Organisers have come under heavy scrutiny since it was revealed that not a single black musician had been selected for major prizes within the U.K. categories in January (16). Some artists, such as Laura Mvula, have decided not to attend Wednesday's (24Feb16) ceremony in London in protest, and BRIT organisers have now indicated that they will appoint a new advisory committee to ensure all British artists are treated equally.

"Given the rapidly changing landscape of music consumption, it may now be time to take a fresh look at the metrics around the Brit Awards to ensure they reflect the full range of engagement with recorded music," a statement issued to Britain's Daily Mirror newspaper read.

"The BRITs organisers are, therefore, and with the guidance of a new advisory committee comprising respected members of the BAME music community, exploring a number of initiatives that will enable the event to more effectively acknowledge diverse, breaking and established talent in future, including exciting genres, such as Grime, which aren't always considered mainstream but are growing in popularity."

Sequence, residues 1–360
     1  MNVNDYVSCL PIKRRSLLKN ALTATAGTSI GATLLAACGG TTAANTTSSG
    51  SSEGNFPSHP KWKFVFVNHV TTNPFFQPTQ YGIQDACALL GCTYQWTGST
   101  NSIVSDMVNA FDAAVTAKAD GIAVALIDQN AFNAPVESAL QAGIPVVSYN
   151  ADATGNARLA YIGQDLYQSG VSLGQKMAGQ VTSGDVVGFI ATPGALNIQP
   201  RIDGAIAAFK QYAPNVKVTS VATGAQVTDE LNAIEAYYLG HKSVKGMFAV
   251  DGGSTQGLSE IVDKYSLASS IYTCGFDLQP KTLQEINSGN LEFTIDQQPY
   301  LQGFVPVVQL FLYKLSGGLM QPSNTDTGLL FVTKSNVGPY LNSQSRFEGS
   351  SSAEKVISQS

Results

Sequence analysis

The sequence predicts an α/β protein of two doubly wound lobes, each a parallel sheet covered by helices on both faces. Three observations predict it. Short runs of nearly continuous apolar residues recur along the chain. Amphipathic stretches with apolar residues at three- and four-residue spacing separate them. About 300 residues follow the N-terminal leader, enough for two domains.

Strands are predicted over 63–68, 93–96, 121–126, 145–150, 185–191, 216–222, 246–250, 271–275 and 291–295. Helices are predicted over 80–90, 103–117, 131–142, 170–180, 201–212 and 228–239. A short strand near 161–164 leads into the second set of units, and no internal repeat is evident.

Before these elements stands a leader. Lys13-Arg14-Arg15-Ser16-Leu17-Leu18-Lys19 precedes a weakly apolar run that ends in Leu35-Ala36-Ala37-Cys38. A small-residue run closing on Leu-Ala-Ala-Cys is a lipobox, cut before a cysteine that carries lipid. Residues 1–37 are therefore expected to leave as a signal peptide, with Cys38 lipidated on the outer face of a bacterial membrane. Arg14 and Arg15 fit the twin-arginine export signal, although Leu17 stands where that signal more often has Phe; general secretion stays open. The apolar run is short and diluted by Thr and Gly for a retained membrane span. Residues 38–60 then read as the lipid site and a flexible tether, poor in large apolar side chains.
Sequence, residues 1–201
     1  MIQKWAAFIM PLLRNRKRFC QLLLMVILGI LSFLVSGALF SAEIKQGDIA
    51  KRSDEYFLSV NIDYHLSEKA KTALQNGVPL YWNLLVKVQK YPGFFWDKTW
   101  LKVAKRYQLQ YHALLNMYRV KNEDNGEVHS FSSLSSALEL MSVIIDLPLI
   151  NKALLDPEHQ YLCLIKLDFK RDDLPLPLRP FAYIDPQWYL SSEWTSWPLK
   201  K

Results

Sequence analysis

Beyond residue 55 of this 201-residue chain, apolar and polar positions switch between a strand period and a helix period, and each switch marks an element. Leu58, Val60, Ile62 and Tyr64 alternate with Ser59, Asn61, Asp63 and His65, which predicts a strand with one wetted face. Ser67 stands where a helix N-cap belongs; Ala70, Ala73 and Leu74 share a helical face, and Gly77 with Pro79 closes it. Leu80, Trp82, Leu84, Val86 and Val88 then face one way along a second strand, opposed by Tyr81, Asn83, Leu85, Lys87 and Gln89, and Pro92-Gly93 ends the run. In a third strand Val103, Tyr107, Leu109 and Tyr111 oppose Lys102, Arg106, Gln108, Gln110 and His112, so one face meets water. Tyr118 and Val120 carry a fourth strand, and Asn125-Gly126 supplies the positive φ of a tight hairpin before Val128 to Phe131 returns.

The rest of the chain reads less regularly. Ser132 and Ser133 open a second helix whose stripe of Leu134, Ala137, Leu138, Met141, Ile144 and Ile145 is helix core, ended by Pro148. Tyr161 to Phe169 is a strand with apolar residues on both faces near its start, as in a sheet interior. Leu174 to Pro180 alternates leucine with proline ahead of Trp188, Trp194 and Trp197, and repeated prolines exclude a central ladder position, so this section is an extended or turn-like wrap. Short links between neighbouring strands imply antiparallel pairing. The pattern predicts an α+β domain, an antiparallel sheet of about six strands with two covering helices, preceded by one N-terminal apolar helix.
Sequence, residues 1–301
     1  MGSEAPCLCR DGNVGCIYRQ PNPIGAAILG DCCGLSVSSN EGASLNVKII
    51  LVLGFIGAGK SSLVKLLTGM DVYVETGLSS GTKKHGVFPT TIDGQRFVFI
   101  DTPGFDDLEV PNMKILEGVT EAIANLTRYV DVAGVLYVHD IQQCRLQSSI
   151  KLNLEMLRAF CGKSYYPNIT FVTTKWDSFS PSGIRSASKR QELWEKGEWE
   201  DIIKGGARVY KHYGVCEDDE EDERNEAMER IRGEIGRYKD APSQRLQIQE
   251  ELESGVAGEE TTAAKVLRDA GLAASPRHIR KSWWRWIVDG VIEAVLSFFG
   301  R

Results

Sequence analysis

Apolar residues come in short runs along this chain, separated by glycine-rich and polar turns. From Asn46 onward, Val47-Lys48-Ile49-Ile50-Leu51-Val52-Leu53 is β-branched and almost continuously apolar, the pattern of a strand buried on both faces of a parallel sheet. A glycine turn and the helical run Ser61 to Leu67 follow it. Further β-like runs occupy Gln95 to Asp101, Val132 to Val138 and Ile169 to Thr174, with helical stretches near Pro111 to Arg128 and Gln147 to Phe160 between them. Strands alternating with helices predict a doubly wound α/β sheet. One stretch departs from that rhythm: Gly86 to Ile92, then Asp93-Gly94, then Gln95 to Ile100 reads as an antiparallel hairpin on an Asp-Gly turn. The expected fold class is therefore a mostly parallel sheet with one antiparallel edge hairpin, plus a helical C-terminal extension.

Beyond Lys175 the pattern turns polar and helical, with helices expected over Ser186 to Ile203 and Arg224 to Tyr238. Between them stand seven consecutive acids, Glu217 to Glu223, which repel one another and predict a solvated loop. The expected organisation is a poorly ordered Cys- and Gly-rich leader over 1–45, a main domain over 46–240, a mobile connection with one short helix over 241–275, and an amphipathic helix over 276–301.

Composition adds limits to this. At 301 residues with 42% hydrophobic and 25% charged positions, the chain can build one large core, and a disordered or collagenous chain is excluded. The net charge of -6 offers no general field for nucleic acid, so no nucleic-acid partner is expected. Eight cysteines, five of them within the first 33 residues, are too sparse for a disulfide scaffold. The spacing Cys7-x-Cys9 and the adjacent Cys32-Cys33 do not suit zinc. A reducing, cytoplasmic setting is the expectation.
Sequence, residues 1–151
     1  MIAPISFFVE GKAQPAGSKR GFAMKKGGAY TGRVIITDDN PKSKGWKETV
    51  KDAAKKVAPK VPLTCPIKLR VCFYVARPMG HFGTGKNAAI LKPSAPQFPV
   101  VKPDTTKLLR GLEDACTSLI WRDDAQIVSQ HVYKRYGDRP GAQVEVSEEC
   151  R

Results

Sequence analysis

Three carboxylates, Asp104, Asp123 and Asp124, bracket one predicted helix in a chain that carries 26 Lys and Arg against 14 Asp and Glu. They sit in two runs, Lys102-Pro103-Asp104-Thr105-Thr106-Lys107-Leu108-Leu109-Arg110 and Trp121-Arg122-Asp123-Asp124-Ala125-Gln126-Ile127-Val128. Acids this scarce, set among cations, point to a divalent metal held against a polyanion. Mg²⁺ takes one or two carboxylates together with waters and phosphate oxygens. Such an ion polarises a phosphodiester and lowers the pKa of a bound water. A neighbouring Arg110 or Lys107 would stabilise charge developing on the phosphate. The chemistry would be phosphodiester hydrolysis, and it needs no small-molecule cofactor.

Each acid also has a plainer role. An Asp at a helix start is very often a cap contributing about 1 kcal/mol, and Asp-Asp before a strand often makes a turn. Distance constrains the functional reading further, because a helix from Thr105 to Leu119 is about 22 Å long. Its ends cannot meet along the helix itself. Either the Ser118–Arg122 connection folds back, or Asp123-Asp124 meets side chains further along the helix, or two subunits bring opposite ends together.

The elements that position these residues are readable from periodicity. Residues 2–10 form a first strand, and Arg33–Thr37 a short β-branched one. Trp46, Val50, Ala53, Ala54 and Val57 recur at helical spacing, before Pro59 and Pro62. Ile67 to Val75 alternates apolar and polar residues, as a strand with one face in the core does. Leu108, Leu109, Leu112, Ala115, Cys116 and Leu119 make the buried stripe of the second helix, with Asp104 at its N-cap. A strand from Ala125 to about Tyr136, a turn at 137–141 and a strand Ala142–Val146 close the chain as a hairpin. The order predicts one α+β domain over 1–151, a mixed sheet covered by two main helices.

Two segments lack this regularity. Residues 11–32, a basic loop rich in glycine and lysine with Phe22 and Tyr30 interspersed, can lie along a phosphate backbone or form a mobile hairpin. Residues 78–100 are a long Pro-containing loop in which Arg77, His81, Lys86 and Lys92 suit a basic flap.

Organisers also indicated that their Academy, which is responsible for selecting awards nominees, would be surveyed in order to ensure it was more representative of the U.K. population.

In particular, the controversy has centred on the lack of British rappers from the grime genre on the nominations list, with many of the scene’s biggest acts expressing disappointment that its increasing popularity in the U.K. charts had gone unrecognised.

"It was such a great year for grime and underground music," top grime star Stormzy told Britain's NME magazine. "I thought maybe this year it might get celebrated.

“You know when you’ve got that little bit of hope and that little bit of faith and then they didn’t. It’s just a matter of breaking the doors down and carrying on.”